Sensorineural hearing loss (SNHL) is one of the most common types of hearing loss. It occurs due to damage of the hair cells in the cochlea (found in the inner ear) or to the nerve pathways which lead from the inner ear to the brain.

Damage to the cochlea naturally occurs as part of ageing, but other factors such as exposure to loud noise, illness, medication, genetics, head trauma or a deformity in the inner ear can also cause this type of hearing loss.

The principal sign of SNHL is a change in your ability to hear quiet sounds and an alteration in the quality of sound you can hear. For example, if you suffer from sensorineural hearing loss you may feel as if people mumble when they speak or feel as if you can’t understand what is being said. Other symptoms are similar to those of Presbycusis (age-related hearing loss) and include difficulty hearing in loud areas or when there is background noise, voices seeming mumbled or slurred, some sounds appearing too loud and difficulty in hearing sounds that are low pitched.

Treatment for Sensorineural Hearing Loss

Treatment for sensorineural hearing loss often depends on how it is thought to have been caused. If this type of hearing loss is sudden or has been caused by prolonged exposure to loud noise, being prescribed particular medication may reduce the inflammation of the structures found in the inner ear. This treatment can ease symptoms and cause sounds to become clearer.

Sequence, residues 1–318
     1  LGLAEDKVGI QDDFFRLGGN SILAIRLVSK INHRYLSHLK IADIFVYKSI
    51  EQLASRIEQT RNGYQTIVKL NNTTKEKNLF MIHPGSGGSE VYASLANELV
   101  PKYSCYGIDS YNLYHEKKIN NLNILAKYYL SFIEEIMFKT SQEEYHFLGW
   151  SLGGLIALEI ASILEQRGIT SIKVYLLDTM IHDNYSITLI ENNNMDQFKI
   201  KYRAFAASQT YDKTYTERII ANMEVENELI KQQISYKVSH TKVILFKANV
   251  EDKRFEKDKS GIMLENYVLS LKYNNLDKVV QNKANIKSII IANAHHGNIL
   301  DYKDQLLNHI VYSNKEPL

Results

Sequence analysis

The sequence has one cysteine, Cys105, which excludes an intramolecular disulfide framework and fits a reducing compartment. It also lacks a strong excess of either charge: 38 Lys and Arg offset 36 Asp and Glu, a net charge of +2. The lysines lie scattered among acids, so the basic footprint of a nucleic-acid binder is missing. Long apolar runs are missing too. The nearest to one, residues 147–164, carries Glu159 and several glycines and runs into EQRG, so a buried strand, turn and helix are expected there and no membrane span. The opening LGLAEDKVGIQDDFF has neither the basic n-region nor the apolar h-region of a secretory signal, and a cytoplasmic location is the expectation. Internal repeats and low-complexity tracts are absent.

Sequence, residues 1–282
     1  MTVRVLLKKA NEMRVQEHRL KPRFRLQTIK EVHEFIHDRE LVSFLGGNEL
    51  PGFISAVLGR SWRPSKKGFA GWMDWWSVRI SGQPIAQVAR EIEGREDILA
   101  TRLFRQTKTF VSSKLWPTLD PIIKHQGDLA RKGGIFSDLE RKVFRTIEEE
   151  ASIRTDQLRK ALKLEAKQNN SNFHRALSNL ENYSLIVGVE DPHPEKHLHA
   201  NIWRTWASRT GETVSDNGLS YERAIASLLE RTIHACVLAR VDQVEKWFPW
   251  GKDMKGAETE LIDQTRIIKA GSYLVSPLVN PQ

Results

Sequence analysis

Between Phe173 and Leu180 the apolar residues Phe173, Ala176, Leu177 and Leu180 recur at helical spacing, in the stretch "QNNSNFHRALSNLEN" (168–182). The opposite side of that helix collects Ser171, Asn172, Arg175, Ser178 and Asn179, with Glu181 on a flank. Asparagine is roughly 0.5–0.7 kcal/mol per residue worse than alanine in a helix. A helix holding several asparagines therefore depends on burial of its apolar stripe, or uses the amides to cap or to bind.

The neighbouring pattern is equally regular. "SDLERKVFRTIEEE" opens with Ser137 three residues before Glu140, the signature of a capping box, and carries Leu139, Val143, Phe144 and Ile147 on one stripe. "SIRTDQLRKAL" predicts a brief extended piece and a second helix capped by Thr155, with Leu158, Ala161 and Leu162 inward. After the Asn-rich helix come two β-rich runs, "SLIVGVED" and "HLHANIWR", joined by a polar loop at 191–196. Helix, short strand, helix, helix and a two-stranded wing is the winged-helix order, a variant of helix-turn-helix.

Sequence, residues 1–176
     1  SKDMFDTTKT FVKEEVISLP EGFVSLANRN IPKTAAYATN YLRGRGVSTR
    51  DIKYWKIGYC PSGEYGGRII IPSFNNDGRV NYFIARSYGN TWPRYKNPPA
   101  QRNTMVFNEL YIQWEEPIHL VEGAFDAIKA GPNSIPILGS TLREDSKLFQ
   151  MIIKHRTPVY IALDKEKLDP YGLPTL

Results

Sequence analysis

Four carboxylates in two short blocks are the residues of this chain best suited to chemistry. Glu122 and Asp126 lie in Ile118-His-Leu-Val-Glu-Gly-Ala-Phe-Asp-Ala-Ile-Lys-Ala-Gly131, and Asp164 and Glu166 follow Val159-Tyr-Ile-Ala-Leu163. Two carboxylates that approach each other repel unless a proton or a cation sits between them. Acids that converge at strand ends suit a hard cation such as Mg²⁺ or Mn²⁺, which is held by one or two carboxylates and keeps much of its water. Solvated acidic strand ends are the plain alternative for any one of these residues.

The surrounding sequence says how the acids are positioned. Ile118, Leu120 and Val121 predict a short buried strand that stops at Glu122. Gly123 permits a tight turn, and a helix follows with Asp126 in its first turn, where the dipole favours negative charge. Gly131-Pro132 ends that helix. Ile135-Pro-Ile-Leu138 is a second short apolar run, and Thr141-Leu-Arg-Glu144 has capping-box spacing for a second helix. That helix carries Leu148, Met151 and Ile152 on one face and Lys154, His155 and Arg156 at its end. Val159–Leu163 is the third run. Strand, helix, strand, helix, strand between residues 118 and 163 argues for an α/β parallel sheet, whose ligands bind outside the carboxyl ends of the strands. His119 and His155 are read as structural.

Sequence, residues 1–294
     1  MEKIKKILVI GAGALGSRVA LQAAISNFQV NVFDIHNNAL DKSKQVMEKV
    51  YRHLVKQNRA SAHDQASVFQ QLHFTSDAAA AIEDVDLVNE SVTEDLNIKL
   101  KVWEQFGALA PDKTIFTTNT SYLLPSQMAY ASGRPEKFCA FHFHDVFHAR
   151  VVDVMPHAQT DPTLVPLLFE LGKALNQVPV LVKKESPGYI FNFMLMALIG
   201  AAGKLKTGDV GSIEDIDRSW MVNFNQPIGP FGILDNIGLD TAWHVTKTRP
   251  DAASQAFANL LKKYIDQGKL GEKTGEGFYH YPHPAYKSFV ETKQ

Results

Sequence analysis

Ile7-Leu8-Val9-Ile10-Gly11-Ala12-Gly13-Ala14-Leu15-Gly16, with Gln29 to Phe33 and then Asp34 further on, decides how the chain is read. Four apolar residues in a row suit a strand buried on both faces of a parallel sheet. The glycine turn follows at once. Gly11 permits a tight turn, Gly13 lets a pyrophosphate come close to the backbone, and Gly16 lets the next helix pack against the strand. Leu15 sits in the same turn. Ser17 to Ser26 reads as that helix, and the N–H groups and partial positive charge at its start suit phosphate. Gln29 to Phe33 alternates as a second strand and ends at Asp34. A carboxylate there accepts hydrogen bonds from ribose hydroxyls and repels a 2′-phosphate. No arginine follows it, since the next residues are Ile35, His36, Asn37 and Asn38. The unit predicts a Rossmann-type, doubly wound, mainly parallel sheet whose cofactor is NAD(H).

However once the hair cells in cochlea become damaged, they can often remain that way, meaning that sensorineural hearing loss is often incurable.

This doesn't mean you have to struggle with the condition. A hearing aid is the most common method of managing SNHL and having one fitted can significantly improve your life by amplifying and improving the quality of your hearing. Being fitted with a hearing aid could mean that participating in conversations is no longer difficult, and all sounds are clear, with no distortions.

If you feel you have difficulties with your hearing, taking a hearing test can help determine your current level of hearing and a specialist can guide you through the next steps. Although SNHL is often incurable, a hearing aid can help you manage the condition and improve your level of hearing.

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